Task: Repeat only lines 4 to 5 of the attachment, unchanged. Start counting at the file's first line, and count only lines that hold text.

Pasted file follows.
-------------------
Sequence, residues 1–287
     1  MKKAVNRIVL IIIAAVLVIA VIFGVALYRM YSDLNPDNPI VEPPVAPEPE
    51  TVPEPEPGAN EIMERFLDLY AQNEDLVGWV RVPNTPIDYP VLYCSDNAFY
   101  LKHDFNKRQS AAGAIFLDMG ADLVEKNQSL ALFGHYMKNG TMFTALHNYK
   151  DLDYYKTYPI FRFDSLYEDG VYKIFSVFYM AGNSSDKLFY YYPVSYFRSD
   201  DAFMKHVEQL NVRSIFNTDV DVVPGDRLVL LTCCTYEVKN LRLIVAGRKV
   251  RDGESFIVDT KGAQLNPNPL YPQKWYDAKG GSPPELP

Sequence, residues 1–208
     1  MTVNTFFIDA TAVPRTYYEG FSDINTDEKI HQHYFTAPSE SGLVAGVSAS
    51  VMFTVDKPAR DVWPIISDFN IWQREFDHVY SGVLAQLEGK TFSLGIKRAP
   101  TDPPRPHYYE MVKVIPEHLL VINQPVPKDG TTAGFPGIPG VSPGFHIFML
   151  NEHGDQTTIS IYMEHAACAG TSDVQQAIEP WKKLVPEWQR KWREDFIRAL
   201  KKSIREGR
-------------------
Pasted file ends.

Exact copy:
   101  LKHDFNKRQS AAGAIFLDMG ADLVEKNQSL ALFGHYMKNG TMFTALHNYK
   151  DLDYYKTYPI FRFDSLYEDG VYKIFSVFYM AGNSSDKLFY YYPVSYFRSD